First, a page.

“It really is quite simple,” she said, gnawing her lip. Her hand lifted and went to scratch the side of her head, before she checked it and brought it back to her lap. She willed herself not to fidget.

“As I mentioned: the casting is easy. The real work comes after.”

“But isn’t a familiar supposed to help you accomplish your goals? Or assist in casting spells?”

Grandmother H. sighed loudly and sipped her tea for a moment.

“Familiars derive from a form of magic that has been mostly forgotten by today’s practitioners. Summoning a familiar is a way of calling forth a part of yourself and imbuing it with the power to help you. What is nebulous if the shape that help may take.”

Emma’s eyebrows scrunched together. “I’m afraid I don’t quite understand. Can you give me the parameters? Will the familiar be powerful enough to cast out the parasite? Is it a source of its own magic? Will it feed off my magic?”

Her grandmother smiled.

“I have no answers for you. This is something you have to figure out for yourself. The less you know, the more true the summoning. I suggest you get started: that thing inside you is looking very hungry.”

As if in answer to her grandmother’s observation, the shadow screeched, sending a wave of pain cascading through her head. It almost had her on her knees.

She staggered up from the couch and made for the door and the path beyond.

From the top of her hill, Grandmother looked on, her smile and eyes merging into the stars of the night sky.

*            *            *

It was quiet in the little ring of stones. She had the blade of grass, her willow branch, milk and honey. With ease born of constant practice, she combined all the elements until they glowed and spun within the ring, their light reflecting oddly amongst the leaves of the pear trees.

She murmured the incantation once, letting the power grow. Letting it draw in as much of her magic as she could spare.

The second time she repeated it, she fed it her desire, her courage, her will to be rid of the dark thing. The ring sputtered angrily, blasting gold sparks that fell to the ground and turned to daisies.

The last time, she screamed the incantation at the sky, giving it her pain, her fear and her hopelessness.

There was a flash and then silence. A thick mist bloomed within the circle and a creature moved within it.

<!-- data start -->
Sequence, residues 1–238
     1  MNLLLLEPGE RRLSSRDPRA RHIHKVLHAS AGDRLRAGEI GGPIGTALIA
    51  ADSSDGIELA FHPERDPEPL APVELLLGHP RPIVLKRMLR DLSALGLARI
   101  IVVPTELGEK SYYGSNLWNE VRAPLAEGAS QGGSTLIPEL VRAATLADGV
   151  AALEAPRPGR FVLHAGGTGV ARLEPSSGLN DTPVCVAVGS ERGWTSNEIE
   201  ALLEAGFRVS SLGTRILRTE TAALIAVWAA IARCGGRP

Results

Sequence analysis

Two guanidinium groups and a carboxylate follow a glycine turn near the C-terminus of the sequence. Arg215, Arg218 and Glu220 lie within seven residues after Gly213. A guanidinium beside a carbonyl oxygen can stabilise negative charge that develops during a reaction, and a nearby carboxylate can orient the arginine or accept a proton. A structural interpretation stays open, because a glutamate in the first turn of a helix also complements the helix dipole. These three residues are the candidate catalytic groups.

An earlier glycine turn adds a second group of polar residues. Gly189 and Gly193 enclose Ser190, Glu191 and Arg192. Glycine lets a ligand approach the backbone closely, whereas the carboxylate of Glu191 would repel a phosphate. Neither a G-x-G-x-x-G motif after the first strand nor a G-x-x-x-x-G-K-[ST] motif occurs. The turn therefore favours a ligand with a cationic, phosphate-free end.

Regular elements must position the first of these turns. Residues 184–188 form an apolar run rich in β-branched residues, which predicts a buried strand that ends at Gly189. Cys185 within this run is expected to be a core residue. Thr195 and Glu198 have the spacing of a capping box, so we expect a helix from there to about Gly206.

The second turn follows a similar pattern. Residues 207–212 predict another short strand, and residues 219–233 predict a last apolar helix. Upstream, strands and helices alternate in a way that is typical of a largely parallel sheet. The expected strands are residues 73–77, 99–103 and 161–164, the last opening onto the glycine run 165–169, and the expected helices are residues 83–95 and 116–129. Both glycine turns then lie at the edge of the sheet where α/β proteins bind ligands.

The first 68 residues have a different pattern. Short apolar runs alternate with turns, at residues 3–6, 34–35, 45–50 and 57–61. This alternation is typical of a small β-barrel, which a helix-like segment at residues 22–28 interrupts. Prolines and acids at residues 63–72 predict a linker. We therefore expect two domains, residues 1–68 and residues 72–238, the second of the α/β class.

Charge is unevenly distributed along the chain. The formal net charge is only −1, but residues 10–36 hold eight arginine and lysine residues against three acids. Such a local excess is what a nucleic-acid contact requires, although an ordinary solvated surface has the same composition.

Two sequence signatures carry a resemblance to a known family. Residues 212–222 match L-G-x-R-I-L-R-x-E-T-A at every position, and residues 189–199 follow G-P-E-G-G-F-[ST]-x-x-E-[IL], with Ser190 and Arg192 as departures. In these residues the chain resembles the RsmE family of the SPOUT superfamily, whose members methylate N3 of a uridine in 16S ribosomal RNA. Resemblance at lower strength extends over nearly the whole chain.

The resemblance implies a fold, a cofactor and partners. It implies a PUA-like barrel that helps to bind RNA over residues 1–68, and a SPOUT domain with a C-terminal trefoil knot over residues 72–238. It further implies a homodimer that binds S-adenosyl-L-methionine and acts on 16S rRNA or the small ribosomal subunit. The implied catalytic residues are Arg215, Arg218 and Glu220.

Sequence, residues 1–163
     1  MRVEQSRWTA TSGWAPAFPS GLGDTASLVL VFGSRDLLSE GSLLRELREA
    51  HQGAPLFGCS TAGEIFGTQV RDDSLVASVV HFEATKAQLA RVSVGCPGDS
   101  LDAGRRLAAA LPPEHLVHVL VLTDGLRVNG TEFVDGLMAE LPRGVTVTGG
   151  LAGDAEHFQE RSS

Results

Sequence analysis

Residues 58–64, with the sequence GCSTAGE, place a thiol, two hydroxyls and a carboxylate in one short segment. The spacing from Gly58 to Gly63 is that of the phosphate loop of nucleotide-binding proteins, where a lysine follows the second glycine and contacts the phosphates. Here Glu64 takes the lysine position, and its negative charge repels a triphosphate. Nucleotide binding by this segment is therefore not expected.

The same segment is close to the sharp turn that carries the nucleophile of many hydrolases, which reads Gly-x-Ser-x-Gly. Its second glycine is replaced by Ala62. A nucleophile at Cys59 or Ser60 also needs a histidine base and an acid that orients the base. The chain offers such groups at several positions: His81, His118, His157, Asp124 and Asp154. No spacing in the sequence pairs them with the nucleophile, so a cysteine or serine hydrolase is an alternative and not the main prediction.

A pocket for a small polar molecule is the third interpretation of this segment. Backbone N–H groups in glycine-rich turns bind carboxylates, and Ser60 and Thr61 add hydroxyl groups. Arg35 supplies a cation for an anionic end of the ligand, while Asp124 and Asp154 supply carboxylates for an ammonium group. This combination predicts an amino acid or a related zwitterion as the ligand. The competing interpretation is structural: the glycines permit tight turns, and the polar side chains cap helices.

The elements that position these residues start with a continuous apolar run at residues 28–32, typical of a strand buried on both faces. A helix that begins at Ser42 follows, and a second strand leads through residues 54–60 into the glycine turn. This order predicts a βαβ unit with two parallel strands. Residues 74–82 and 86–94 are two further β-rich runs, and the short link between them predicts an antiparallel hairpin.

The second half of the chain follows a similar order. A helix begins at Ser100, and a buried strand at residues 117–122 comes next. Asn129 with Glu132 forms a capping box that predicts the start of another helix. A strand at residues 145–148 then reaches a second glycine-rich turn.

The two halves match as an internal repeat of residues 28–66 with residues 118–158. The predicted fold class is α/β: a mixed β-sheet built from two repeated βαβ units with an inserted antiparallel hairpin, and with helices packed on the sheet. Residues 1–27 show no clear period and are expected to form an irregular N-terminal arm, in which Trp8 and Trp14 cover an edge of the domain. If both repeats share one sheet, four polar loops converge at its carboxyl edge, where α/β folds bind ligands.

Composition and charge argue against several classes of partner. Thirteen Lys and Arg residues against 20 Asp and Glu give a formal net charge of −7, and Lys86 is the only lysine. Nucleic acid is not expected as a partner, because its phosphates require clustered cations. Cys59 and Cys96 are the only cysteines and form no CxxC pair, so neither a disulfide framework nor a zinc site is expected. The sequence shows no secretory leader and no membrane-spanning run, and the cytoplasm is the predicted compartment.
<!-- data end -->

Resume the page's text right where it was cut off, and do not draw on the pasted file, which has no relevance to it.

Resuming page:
Emma held her breath.

It stepped forward on four spindly legs and loped forward, its ears flapping as it moved. The creature stopped in front of her, sat on its haunches and began licking itself.

“A dog?!”

The dog in question was a tricolour, long limbed mutt, with a long elegant nose and sweet soulful eyes. She lifted her head and stared at Emma for a moment, then returned to licking herself.


Just a second, I’m almost finished.”

The voice was kind. Really kind. Fundamentally, too kind. She had hoped for fierce. A predator. Not a …darling pooch.

The dog lifted its head and regarded her solemnly.

 “Do you have any biscuits? I’m pretty sure biscuits were mentioned.

Emma’s eyes were wide and she was shaking. Her hands were clenched at her sides, knuckles white. She could feel her vision getting darker. Biscuits?!

“Are…are you my familiar?”

Yes. My name is Echo. You are Emma. I believe I need biscuits. Then I would like to go for a walk. Or play. Or both.

“No, you don’t understand. I don’t have time for all that. I need to defeat the thing that’s inside me, then I have to get back to work. I didn’t summon you to…go on walks! I need your help! If you can give me any that is,” she added, eyeing the dog sceptically.

Echo sighed heavily, then yawned.

Why would you say that? You don’t like me?

The plaintive tone struck a chord within her and immediately she crouched down and scratched behind Echo’s ears.

“No, no. That’s not…that’s not it. I was just hoping for…somebody fierce and powerful. Somebody who could fight something scary.”

The dog stared up at her for a moment, then licked her hand.

You don’t need any of that stuff,” she said confidently. “You have me now. Come on, let’s go see this scary thing.

She began to trot off in a seemingly random direction, but as Emma followed, she realized her footsteps were taking her away from the garden, away from the world and back into herself. As they strolled along the darkening path, Echo would stop and stare back at her, checking to make sure she was coming. Then she would be off again, sniffing at their nebulous surroundings with interest.

They found the shadow in the clearing where she had last encountered it. It wheezed a cruel laugh and took one slow step towards them.